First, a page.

Highway fund gets boost from Byrd

Winter’s icy grip has temporarily halted work on finishing the entrance and exit ramps for the new Gateway Connector bridge over Interstate 79. Work has also slowed on adding new merging lanes to the interstate, but that part of the project will pick up, too, when the weather breaks. News that U.S. Sen. Robert C. Byrd has won more federal highway funding than expected this year may also permit more construction later this year on the new road.

West Virginia will get about $404 million in federal highway construction funds this fiscal year — more than it got last year — because of a commitment U.S. Robert C. Byrd won from fellow senators and House leaders in lengthy talks over a massive bill to fund the federal government through Sept. 30.

“Now that the funding is set, it is up to the West Virginia Department of Transportation to put these federal dollars to work,” Byrd said.

His announcement may crack open a window for progress this year on Fairmont’s Gateway Connector highway, depending on how state highway officials decide to match the federal construction dollars.

State highway officials could not be reached for comment Tuesday.

But a spokeswoman for Gov. Joe Manchin said the state is determined to match federal funding obtained by Byrd.

Last August, Paul Mattox, state Transportation Secretary and Highways Commissioner, said the state has $24.6 million to buy homes and businesses on the East Side in the path of the new road.

But the state is depending upon federal funds for an estimated $35.4 million in remaining construction costs, Mattox said.

State Highway Engineer Marvin Murphy also said then it would take about three to four more years to finish the road through the East Side to the restored Robert H. Mollohan Jefferson Street Bridge (the High Level Bridge).

Federal funding for the Gateway project is running at 80 percent of the total cost of various contracts, leaving the state to provide the remaining 20 percent.

The new multi-lane 1 1/2-mile link between downtown Fairmont and Interstate 79 has been funded over the years with earmarks obtained by Rep. Alan B. Mollohan.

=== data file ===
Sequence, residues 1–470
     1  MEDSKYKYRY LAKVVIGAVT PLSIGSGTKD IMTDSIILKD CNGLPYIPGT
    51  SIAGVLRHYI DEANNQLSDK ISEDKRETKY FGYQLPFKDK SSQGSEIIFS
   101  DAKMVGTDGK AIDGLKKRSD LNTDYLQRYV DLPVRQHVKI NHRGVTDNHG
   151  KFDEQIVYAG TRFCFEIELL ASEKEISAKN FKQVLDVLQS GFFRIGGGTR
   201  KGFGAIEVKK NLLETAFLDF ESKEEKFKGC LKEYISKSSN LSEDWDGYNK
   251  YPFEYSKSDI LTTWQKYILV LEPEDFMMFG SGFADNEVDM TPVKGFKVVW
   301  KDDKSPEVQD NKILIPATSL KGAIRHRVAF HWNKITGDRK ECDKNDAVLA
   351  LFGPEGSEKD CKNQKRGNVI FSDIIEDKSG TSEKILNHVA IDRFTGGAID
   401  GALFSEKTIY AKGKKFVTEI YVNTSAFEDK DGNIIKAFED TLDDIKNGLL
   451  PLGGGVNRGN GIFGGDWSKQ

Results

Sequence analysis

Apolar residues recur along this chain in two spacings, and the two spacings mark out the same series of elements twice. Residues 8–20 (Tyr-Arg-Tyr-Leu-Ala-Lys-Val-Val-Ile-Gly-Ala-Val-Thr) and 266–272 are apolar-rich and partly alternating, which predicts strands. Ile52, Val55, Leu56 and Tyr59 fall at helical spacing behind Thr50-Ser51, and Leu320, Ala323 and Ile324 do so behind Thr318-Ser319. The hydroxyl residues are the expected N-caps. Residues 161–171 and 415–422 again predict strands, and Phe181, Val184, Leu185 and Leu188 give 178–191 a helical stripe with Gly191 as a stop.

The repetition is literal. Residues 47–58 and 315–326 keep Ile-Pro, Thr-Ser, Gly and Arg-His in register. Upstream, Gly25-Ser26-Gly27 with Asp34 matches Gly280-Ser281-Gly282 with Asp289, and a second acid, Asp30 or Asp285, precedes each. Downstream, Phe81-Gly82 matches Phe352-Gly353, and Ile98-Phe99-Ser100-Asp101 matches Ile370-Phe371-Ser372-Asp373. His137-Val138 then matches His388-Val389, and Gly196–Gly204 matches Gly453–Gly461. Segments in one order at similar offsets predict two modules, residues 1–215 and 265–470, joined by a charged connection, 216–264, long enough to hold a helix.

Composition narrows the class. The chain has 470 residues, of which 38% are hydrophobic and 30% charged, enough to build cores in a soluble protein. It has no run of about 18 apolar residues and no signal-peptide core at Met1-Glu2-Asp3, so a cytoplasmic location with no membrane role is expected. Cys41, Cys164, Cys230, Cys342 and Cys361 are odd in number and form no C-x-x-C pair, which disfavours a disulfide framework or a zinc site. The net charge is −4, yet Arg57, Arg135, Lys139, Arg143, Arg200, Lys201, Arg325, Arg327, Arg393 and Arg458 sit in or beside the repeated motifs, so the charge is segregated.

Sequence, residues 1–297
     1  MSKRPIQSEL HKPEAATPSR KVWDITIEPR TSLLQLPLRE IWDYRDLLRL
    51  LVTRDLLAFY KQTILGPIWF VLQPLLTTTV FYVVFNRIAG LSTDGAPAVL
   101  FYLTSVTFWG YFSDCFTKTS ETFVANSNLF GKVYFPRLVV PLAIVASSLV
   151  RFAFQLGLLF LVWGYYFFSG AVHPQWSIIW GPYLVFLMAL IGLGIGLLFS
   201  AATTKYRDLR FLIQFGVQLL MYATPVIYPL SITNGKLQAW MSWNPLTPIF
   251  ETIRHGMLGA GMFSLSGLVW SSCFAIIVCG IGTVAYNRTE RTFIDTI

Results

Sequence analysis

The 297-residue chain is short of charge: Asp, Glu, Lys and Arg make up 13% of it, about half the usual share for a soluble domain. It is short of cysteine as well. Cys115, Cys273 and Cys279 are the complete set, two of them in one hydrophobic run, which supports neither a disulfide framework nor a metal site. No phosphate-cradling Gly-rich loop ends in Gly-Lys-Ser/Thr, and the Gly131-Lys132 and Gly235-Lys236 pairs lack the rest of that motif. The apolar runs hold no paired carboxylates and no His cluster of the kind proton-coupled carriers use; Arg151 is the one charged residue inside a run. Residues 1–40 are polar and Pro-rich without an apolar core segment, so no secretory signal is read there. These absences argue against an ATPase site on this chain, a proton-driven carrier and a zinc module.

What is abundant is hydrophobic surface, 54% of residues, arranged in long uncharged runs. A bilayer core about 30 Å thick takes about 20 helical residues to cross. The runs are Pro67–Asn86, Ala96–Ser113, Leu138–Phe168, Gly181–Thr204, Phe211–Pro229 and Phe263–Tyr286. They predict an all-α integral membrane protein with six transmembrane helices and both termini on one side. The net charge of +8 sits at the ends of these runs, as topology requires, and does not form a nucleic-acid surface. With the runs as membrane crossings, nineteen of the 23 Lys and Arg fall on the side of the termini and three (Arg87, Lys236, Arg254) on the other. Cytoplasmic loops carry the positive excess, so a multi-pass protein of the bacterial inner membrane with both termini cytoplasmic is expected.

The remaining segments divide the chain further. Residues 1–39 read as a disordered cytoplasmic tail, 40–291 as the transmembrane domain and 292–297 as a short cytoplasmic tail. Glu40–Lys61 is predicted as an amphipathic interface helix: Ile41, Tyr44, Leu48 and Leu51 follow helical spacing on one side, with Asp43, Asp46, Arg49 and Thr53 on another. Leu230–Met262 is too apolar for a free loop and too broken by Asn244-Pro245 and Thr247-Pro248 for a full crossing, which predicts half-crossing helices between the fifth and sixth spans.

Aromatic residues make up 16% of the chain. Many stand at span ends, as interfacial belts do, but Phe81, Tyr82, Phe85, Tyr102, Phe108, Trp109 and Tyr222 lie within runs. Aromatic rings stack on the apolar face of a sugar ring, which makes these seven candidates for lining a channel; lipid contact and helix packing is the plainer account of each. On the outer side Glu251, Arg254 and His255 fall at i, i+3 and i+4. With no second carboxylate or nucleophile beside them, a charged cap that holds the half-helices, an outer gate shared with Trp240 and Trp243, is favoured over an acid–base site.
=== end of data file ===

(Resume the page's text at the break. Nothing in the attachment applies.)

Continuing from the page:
Earmarks are congressionally mandated projects that are not part of a presidential budget.

Many earmarks are slipped into spending bills anonymously, and some have gained notoriety as simple “pork barrel” measures.

When Democrats regained control of both chambers in last November’s elections, party leaders decided to tackle growing criticism of the practice. The fix will probably call for more transparency and accountability in the process.

Meanwhile, because Republicans failed to finish work on many of the 13 pending appropriations bills before losing control, the Democrats chose a continuing resolution to keep the federal government running for the rest of the fiscal year.

Several departments, like Homeland Security and the FBI, and the nation’s intelligence and military branches were exempted from attempts to hold spending at the 2006 appropriation level.

The House is expected to vote on the mammoth spending bill today.

Byrd, once again chairman of the Senate Appropriations Committee, and Rep. David Obey, D-Wis., his counterpart in the House, said in mid-December said they would strip the continuing resolution of most of its earmarks.

Mollohan said at the time that the Gateway Connector would only be delayed, not canceled.

The move to seek agreement later this year on a new earmarking process “was unfortunate but a necessary step,” he said in a Dec. 21 statement.

In his Tuesday statement, Byrd said he fought to keep the state’s share at the higher amount envisioned when Congress passed a five-year authorization bill for road and highway building projects in 2005.

Rumors that the continuing resolution would see highway spending set at the 2006 appropriation level would have meant a cut in the state’s share, something which Byrd acknowledged in a statement issued by his office.

“However, those concerns were based on speculation,” he said.

E-mail Bill Byrd at bbyrd@timeswv.com.

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